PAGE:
Avocados are brimming with essential nutrients,
including potassium, B-vitamins and folic acid. They also act
as a so-called nutrient booster; when eaten with other foods,
avocados enable the body to better absorb cancer-fighting nutrients,
such as carotenoids, found in vegetables that include spinach
Eating avocados has been shown to lower cholesterol levels and
they are a rich source of monounsaturated fatty acids, including
oleic acid, which offers significant protection against breast
The potassium content in avocados regulates blood pressure and
helps guard against heart disease and strokes, as well as aiding
digestion and helping the body flush out toxins.
The United States is the world's number one commercial
producer of avocados. It is a major cash crop in Southern California
and southern Florida, and to a much lesser degree in Texas. California
has about 80 percent of the United States' market and their avocados
are available twelve months of the year.
The avocado has a unique flavor and texture.
All other tree fruits have either a tart, tart-sweet, or sweet
flavor and a juicy texture. The avocado looks like a huge green
olive and, like the olive, has a single hard pit. It is very firm
when immature and is rich in oil when it reaches full ripeness.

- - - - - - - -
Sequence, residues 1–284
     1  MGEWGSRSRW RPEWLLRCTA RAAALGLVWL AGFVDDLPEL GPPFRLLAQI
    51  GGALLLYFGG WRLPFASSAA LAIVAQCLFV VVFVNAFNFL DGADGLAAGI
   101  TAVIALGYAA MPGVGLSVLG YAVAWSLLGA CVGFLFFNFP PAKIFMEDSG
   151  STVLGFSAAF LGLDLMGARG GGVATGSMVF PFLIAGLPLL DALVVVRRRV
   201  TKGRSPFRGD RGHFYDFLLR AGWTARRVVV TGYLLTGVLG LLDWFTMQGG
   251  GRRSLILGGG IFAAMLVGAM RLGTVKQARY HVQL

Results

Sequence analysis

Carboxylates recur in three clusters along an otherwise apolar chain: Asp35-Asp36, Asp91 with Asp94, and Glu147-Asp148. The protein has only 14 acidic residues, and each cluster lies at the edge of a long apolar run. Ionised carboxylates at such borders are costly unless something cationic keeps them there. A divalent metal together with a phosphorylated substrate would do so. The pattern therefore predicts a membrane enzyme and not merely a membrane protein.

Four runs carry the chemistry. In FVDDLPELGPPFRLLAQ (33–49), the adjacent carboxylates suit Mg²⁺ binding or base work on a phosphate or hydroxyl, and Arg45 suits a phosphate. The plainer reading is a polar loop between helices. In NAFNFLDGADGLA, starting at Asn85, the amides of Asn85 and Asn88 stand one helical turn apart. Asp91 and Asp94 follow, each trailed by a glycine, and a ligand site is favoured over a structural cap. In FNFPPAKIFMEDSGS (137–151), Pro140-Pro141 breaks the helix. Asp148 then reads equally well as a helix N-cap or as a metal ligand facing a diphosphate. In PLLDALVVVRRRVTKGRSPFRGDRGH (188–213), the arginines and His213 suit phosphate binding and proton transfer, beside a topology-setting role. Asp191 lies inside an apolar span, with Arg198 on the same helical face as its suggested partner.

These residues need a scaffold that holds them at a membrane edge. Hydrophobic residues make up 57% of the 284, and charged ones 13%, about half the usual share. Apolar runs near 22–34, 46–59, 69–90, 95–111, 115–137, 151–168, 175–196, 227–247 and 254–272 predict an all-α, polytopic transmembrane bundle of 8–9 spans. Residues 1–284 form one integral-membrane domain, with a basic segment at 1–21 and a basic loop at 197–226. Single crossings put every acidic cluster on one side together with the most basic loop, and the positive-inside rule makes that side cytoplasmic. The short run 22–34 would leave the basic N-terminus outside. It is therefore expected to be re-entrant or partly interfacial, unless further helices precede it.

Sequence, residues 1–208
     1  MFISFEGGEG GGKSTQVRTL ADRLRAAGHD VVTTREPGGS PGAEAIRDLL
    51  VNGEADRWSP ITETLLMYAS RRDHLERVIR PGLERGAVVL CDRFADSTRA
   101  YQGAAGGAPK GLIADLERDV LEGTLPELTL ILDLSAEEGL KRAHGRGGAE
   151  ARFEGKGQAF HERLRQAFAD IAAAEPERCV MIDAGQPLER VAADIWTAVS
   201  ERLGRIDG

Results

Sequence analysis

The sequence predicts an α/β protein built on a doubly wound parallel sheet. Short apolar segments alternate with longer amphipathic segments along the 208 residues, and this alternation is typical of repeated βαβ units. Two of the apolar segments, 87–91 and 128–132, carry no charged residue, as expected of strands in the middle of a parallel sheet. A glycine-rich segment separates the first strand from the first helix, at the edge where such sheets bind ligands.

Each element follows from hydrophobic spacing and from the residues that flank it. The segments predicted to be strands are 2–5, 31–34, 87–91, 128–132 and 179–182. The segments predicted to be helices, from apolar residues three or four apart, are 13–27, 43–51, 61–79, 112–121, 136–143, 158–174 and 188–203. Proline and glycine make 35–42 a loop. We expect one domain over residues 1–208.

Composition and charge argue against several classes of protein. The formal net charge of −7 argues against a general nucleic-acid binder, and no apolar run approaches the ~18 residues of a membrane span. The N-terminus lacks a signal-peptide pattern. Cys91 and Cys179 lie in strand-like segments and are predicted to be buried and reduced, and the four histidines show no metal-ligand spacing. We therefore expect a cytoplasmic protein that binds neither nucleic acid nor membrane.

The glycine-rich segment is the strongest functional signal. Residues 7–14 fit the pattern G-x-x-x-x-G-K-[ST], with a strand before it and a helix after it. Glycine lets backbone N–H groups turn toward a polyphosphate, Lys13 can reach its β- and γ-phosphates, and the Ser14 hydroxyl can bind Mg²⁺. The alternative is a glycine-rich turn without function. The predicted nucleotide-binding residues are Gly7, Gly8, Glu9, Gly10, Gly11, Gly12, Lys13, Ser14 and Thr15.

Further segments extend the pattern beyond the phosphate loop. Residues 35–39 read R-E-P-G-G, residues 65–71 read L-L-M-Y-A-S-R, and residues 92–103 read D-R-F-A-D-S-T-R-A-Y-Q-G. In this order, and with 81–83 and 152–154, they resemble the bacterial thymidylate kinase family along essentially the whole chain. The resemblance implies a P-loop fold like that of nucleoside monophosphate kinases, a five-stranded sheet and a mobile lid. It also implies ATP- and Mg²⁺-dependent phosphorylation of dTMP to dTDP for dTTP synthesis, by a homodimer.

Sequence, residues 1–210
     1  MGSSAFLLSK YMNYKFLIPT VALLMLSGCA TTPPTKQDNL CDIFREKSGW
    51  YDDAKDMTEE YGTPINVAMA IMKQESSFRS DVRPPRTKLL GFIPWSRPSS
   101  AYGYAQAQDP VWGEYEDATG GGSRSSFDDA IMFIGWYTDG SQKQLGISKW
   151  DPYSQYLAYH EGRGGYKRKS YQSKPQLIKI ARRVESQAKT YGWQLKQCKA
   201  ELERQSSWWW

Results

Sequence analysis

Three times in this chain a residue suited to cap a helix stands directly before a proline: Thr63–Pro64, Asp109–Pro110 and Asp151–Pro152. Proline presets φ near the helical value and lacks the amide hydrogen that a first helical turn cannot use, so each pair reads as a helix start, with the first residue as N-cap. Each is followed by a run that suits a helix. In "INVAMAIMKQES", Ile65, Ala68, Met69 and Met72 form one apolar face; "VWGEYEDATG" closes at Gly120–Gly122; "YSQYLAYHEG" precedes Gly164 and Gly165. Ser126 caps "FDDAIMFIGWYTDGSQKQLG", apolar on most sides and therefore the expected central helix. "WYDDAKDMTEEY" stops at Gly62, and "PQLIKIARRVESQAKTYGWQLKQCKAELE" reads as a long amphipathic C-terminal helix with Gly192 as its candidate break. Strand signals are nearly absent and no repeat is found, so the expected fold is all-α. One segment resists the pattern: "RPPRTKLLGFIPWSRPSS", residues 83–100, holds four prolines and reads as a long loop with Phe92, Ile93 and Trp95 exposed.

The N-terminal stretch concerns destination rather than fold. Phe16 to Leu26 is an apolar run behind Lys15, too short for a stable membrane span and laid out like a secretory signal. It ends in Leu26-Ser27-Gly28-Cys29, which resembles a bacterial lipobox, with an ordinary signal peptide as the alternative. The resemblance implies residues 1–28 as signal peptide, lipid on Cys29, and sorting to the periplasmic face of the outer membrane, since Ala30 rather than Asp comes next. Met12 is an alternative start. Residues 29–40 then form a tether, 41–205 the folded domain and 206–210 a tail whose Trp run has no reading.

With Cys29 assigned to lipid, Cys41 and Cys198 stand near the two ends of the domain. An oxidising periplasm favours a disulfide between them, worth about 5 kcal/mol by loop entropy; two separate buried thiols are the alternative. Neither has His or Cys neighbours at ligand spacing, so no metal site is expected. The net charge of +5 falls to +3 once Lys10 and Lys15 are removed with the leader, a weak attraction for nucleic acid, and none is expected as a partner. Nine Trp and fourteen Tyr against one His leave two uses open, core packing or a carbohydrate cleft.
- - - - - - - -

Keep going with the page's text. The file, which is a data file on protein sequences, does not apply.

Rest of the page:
Depending on the variety, the immature fruit
comes in every possible shade of green. Some are smooth and shiny,
others are dull and have pebble-grained skins. Some varieties
retain their original green color as they ripen. In others, as
the fruit ripens the green changes to bronze, reddish purple,
or even jet-black. Some varieties are almost round, but for the
most part avocados are pear- shaped. Hence they are often called
To test for ripeness, cradle the avocado in the
palm of your hand. If it yields to the slightest and gentlest
pressure, it is ready to serve, it is a Florida avocado. If it
is of the California variety, give it an extra day. Too many avocados
are cut and served before they have reached full maturity and
flavor. Once the fruit is cut, the ripening process is terminated.
So make sure that it does have the slight yield before you cut
Avocados are not only flavorful and colorful,
but are also blessed with versatility. They can be sliced, diced,
pureed or served on the half-shell. They are flavorful enough
to serve alone, but also blend well when served with fresh fruit,
salad greens, cottage cheese, cold meats and especially seafood.
A fully ripe avocado has the consistency of soft butter and makes
a delicious and colorful sandwich spread.
A cut avocado, like a sliced peach or banana,
will darken and discolor when exposed to air. Sprinkling the exposed
surfaces with fresh lemon or lime juice will retard this discoloration.
Try to use a cut avocado as soon as possible. In the interim,
cover the exposed surfaces with plastic film. If you cut the avocado
in half, don't remove the pit until ready to serve.
Avocados are tropical fruits and don't like cool
temperatures. Never put a firm avocado in your refrigerator. At
best it won't ripen properly, at worst its flesh will turn black.
A black-skinned avocado is a hallmark of quality.
The California Hass variety is an ugly duckling that has a dull,
pebble-grained green skin when it is immature. As it ripens. the
color of the skin turns to jet-black. This least attractive variety
is by far the finest-flavored avocado available. When you see
this Hass variety, remember that its ugliness is only skin deep.